I couldn’t possibly single out one production above all others. However, I can remember many strong emotions that I experienced here and there, for one reason or another, which is not always related to the musical quality alone. Since we are in Sydney, I can’t help but think of the wonderful productions I conducted here of Eugene Onegin, Faust, Thaïs, Figaro, shared with Nicole Car.

 

What is your favourite opera to conduct? Do you have a favourite composer?

It’s always the one I’m rehearsing or conducting… When you go on stage, you always have to do it with the thought that it could be the last time in your life.

 

Are there scores that are extremely difficult to conduct?

Yes, alas,… those that are less great… Often the difficulty is not where you think it is…

 

Why should people come to see Opera Australia’s production of Don Giovanni this January and February?

The more years go by, the more experience I have, the more it seems to me that Mozart is the light that enlightens us. His music is the very outpouring of life. The laughter that overcomes all darkness. The most fragile and profound humanity.

 

Our societies seem to be finally discovering the horrors and abuses of macho behaviour… but as early as 1787, Mozart and da Ponte had Donna Anna, Donna Elvira and Zerlina testify to the abuses of Don Giovanni. Long before the MeToo movement… and far above the gutter talk of social networks, their denunciation stuns us with its strength and elevation.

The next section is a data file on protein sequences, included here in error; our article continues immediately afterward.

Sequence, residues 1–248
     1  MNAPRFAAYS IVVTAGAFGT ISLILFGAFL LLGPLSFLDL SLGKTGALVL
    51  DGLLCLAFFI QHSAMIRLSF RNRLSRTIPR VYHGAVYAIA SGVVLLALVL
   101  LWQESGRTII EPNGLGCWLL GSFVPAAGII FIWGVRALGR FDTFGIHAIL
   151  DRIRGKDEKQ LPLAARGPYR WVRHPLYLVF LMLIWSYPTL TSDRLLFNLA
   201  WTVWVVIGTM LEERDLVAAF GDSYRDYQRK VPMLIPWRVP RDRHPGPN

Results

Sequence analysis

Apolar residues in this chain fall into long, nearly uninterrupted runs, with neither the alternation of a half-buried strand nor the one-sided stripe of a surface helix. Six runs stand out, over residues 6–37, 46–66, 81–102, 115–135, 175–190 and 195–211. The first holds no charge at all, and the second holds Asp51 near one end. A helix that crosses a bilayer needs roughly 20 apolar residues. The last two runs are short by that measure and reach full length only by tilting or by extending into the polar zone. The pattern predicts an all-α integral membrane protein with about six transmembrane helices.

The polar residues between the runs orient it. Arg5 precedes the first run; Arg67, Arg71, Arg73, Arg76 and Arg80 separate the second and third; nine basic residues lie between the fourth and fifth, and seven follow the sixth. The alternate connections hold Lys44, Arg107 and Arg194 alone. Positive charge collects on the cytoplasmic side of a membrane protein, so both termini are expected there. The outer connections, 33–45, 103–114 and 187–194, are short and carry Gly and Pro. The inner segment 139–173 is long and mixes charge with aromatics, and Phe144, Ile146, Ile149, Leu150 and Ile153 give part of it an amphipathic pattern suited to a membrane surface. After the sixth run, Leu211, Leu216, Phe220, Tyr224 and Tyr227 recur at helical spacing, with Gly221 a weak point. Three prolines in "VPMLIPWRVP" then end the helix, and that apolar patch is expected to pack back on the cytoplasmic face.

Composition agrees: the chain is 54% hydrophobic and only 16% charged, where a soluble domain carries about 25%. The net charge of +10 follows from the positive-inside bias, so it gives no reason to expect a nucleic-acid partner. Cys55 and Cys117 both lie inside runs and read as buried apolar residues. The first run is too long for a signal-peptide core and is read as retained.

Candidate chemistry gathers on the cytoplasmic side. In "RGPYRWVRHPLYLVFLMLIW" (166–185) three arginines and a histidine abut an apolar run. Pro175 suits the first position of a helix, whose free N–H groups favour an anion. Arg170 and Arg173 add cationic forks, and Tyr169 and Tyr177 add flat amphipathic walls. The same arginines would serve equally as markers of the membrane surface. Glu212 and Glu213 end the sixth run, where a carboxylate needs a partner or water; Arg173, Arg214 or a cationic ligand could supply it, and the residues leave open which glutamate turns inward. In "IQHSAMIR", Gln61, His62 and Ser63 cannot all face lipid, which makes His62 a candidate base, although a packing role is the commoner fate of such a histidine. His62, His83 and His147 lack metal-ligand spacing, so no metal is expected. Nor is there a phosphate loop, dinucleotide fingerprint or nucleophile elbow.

Guillaume Tournaire, Don GIovanni, Opera Australia

Anything else you’d like to tell us about yourself, about opera in general or about this production of Don Giovanni?

Perhaps a word of advice to those who have never heard opera before… Come and discover Don Giovanni… you will be astounded, stunned (among other wonders), by the evocative power of the final scene, where two titans, Don Giovanni and the Commendatore, confront each other until the annihilation of evil.

KEY INFO FOR DON GIOVANNI

WHAT: Don Giovanni presented by Opera Austalia

WHEN:

  • Tuesday 10 January, 7pm
  • Saturday 14 January, 12pm
  • Tuesday 17 January, 7pm
  • Thursday 19 January, 7pm
  • Saturday 21 January, 7pm
  • Wednesday 25 January, 7pm
  • Saturday 28 January, 7pm
  • Thursday 2 February, 7pm
  • Thursday 9 February, 7pm
  • Friday 17 February, 7pm

WHERE: Joan Sutherland Theatre, Sydney Opera House

HOW: Buy tickets via the Opera Australia website: https://opera.org.au/productions/don-giovanni-sydney/

HOW MUCH: Adult tickets from $81 plus a $9.80 booking fee

Cathy Di Zhang stars in Don Giovanni too. Read our interview with her when she starred in State Opera South Australia’s production of Bohème on the Beach

For other events with a French connection, read our What’s on in January article